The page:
My life for Aiur
Although I had played countless RTS games before it (Command & Conquer, rest in peace), StarCraft grabbed me like no other in 1998. Part of it was because a large group of my friends, even those who had no prior affinity ...

Nova Covert Ops photo
Nova Covert Ops

StarCraft II story will continue with DLC missions

Nova Covert Ops launches next spring
Nov 06
// Kyle MacGregor
StarCraft II's story won't be ending with the upcoming Legacy of the Void expansion. Today in Anaheim, California, Blizzard revealed Nova Covert Ops, the first in a three-part series of "Mission Packs," which the studio plans...
Banner Saga photo
Banner Saga

Banner Saga 2 will miss its 2015 window, console ports of original might be canned

We'll see what happens
Nov 06
// Chris Carter
[Update: Versus Evil, a marketing firm representing Stoic, states that the console ports are still happening, but didn't go into further detail other than noting that a launch date would be announced "soon."] What starte...
Contingency Plan photo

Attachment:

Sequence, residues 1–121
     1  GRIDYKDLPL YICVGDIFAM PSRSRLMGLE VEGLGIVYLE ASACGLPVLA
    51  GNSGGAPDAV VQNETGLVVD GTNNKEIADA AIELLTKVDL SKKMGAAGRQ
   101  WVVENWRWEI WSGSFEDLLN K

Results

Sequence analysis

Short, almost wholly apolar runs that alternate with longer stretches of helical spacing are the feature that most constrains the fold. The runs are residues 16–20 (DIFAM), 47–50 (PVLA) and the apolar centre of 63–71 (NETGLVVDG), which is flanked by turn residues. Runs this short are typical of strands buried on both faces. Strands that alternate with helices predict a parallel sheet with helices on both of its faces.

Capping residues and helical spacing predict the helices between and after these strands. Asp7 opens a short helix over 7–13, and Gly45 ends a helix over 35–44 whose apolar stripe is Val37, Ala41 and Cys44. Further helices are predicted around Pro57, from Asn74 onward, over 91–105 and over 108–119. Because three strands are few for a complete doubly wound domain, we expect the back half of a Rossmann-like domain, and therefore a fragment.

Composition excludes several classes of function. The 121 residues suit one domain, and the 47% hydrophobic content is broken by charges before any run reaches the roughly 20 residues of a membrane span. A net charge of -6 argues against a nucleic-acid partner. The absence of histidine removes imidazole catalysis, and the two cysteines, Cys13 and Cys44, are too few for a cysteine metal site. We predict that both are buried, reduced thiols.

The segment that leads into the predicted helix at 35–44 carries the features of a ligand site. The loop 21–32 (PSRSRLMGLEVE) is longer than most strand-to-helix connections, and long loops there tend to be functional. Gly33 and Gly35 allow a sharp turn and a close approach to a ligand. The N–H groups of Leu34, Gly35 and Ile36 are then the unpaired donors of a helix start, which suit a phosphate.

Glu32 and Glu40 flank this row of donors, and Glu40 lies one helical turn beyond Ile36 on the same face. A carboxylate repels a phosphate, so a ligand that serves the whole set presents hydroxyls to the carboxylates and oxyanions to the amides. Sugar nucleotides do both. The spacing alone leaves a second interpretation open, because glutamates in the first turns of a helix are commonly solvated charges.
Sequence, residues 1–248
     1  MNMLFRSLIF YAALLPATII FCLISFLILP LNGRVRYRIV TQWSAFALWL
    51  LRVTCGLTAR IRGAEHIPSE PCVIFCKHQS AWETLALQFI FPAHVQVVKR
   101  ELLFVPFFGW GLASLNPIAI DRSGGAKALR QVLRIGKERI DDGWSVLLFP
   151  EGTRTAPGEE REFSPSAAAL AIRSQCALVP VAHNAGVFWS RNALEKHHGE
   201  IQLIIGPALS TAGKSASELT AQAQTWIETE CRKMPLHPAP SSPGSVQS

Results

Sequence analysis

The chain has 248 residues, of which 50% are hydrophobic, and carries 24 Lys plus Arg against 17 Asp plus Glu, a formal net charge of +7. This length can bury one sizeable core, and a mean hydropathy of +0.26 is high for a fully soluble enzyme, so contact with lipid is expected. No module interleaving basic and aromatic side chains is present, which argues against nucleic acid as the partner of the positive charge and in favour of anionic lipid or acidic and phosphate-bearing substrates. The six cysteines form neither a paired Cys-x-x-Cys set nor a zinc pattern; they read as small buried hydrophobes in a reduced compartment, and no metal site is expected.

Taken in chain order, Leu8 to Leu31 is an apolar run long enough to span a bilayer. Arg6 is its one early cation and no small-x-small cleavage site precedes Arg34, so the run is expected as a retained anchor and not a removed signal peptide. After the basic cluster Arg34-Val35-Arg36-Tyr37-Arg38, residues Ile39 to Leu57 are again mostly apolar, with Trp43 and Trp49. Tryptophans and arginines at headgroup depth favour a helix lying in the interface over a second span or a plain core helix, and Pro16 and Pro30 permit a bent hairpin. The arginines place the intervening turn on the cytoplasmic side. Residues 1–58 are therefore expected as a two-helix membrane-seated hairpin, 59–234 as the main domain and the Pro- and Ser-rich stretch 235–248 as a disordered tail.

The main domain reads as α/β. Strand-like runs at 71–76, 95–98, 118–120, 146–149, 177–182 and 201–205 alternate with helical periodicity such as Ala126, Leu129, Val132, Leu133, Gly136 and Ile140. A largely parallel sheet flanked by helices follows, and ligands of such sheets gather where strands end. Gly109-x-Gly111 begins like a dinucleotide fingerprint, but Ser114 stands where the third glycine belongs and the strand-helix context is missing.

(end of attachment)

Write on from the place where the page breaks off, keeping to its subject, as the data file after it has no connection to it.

Contingency Plan

Invisible, Inc. gets new agents and more in next week's expansion

One of the best games of the year
Nov 05
// Steven Hansen
Six months after its release, one of my favorite games of 2015 (and also 2014) is getting its first expansion. Contingency Plan is heading to Invisible, Inc. (PC, Mac, Linux) next week on November 12. Contingency Plan offers,...
Age of Empires photo
Age of Empires

Age of Empires II HD is going to Africa this week

I hear the drums echoing tonight
Nov 03
// Jordan Devore
The team at Forgotten Empires is keeping the real-time strategy dream alive in 2015. On Thursday, Age of Empires II HD will get a new expansion called The African Kingdoms. Running down this latest trailer, you can expect to find four fully voiced campaigns for the new civilizations (Malians, Berbers, Ethiopians, and Portuguese), reworked water battles, and a Sudden Death mode.
Heck yeah XCOM 2! photo
Heck yeah XCOM 2!

XCOM 2 Dark Events offer 'dramatic gameplay changes'

You better beat 'em
Nov 02
// Steven Hansen
One of my favorite things about XCOM: Enemy Unknown was that it lets you fail, so I kind of love that XCOM 2's canon centers around the Commander having failed in the first go and now needing to oust our alien overloads off o...
BattleTech photo

BattleTech Kickstarter stomps to the homestretch

PVP for a few dollars more